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The following is a greeting given in one of the 20 indigenous languages recognized by the State of Alaska.

Ade’ ndadz dengit’a?
(Deg Xinag)
"Hello, how are you?"
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Press Release

State Urges Supreme Court to Stop Federal Regulation of State Waterways

August 14, 2018

(Anchorage, AK) – The State of Alaska today in an amicus brief urged the U.S. Supreme Court in Sturgeon v. Frost to uphold state management of state navigable waterways and overturn the Ninth Circuit Court of Appeals’ expansive decision in favor of the federal government.

“The Ninth Circuit’s decision is both bad law and bad for Alaska,” said Attorney General Jahna Lindemuth. “We are very hopeful the Supreme Court will once again reject Ninth Circuit’s faulty interpretation and recognize the State’s rights under ANILCA to manage our rivers. In a state with many remote areas, our rivers provide critical transportation access as well as access to fishing, hunting, and other activities.”

This is the second time the U.S. Supreme Court has taken up John Sturgeon’s case. Last time, the U.S. Supreme Court agreed with Mr. Sturgeon and the State, recognizing that management of its resources is critical to Alaska’s sovereignty. The State hopes the Court will again overturn the Ninth Circuit and restore the state’s right to manage its waters.

“It has been a long journey for Mr. Sturgeon, and I commend his perseverance in continuing to push back against this overreach by the federal government,” said Attorney General Lindemuth. “I, along with all Alaskans, owe him a debt of gratitude.”

The Ninth Circuit rejected Sturgeon and the State’s arguments that because Congress intended for the Alaska National Interest Lands Conservation Act (ANILCA) to provide Alaska “adequate opportunity to provide for the economic and social needs of Alaskans,” the Park Service does not have broad authority to regulate state navigable rivers. Instead, the Ninth Circuit relied on the federal reserved water rights doctrine—previously used in the Katie John cases to give meaning to the rural subsistence priority for fishing in ANILCA—and greatly expanded it to cover all regulation by the National Park Service of state navigable waterways going through federal park land.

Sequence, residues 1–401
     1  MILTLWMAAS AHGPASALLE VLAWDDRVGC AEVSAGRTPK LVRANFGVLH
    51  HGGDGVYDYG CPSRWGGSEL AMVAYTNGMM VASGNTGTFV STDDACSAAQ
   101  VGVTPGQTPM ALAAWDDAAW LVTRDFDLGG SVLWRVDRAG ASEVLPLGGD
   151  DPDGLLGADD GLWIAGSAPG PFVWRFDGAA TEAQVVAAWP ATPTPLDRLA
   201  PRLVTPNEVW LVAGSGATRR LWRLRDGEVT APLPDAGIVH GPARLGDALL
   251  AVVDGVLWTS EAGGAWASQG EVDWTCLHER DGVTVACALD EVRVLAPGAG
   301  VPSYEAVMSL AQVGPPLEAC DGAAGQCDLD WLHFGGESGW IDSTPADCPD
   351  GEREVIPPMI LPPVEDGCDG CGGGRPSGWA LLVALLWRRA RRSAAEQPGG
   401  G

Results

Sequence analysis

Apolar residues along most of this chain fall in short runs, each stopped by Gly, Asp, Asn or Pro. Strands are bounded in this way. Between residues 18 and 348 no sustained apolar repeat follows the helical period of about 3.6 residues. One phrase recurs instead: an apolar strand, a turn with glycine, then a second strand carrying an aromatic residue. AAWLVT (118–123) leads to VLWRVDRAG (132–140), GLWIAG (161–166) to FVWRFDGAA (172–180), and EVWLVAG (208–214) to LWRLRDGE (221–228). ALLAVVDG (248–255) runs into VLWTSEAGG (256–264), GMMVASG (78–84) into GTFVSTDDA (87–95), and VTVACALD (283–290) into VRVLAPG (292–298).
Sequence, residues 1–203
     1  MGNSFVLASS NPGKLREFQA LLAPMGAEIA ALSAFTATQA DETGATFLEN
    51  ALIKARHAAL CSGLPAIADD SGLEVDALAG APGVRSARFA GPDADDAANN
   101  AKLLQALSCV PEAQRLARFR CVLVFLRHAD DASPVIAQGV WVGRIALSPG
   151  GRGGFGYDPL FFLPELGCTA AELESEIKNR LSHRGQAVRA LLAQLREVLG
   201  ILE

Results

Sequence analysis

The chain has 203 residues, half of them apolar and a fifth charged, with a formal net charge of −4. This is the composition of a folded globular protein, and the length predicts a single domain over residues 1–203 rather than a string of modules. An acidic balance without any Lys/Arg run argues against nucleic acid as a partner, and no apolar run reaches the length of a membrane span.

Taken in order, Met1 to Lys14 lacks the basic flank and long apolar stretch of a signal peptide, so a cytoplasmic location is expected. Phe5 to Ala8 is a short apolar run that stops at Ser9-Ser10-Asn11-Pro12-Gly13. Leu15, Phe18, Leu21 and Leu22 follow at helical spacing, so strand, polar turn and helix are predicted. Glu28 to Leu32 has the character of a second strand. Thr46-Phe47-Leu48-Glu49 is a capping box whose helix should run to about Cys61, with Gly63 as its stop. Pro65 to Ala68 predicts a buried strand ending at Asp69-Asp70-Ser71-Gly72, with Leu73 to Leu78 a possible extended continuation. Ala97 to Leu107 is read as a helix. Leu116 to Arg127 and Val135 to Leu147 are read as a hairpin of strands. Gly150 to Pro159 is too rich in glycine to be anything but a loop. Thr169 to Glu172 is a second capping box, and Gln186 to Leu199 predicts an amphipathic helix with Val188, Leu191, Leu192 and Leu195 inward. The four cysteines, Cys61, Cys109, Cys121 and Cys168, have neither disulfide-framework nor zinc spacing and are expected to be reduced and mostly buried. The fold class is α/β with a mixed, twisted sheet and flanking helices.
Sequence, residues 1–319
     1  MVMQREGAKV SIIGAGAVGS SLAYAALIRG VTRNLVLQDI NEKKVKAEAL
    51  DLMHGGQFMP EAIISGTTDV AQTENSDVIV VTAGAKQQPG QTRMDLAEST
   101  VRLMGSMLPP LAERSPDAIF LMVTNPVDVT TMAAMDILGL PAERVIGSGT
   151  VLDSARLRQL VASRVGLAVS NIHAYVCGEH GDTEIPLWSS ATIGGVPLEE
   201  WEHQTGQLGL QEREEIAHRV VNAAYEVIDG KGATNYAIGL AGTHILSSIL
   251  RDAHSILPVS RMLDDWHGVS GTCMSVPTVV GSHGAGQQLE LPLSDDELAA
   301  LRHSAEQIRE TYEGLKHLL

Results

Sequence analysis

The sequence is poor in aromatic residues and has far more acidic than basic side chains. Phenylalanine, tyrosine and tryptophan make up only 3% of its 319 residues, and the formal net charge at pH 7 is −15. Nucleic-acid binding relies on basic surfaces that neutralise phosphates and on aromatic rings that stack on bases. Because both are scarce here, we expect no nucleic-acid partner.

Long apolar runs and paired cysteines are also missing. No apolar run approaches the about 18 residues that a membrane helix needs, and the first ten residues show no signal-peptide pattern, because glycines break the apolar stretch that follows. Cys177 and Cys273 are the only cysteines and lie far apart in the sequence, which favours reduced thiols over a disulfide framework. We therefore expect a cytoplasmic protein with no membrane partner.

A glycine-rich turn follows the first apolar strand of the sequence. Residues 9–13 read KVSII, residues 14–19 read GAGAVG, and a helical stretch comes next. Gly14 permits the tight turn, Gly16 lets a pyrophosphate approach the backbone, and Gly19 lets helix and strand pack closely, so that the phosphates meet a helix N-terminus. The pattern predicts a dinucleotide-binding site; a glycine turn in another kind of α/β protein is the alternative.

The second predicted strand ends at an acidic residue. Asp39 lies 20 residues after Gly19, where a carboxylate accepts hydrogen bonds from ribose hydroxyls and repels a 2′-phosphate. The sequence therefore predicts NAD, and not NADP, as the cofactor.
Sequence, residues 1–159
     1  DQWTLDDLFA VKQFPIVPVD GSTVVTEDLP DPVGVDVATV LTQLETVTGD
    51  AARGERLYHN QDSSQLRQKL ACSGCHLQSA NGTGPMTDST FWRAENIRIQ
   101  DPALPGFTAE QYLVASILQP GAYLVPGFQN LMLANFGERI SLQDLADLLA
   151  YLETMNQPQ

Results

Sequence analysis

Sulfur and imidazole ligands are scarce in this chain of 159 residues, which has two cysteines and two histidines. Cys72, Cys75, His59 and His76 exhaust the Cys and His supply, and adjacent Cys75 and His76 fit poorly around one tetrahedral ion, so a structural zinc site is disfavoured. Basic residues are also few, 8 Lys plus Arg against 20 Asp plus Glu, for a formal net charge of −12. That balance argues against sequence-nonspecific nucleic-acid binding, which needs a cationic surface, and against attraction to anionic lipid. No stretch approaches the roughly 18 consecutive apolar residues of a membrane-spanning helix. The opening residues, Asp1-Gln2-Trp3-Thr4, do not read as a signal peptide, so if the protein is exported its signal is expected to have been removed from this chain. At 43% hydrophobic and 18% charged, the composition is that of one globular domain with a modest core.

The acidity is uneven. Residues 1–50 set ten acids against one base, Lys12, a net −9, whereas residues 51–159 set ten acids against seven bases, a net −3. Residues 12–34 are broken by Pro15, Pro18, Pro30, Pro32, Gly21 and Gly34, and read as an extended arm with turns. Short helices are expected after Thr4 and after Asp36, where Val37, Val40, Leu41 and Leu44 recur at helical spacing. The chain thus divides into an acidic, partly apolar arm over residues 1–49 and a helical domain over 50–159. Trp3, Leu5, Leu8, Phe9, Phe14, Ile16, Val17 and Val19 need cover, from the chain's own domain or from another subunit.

“I am hopeful the U.S. Supreme Court will once again support state’s rights, while also protecting the important rural subsistence priority,” said Attorney General Lindemuth.

In its amicus brief to the U.S. Supreme Court, the State is arguing that Katie John has vitality in the limited subsistence context in which those cases arose but it should not be expanded to encompass all regulation by the federal government. According to the State, the federal reserved water rights doctrine is properly concerned with use of a specific amount of water to accomplish a narrow purpose. But the Ninth Circuit transformed it into an expansive source of federal regulatory authority, and usurped Alaska’s sovereign right to make decisions about how Alaskan waters should be managed to promote the best interests of Alaskans.

The case will be heard by the U.S. Supreme Court this Fall, and a decision is expected by next June 2019.

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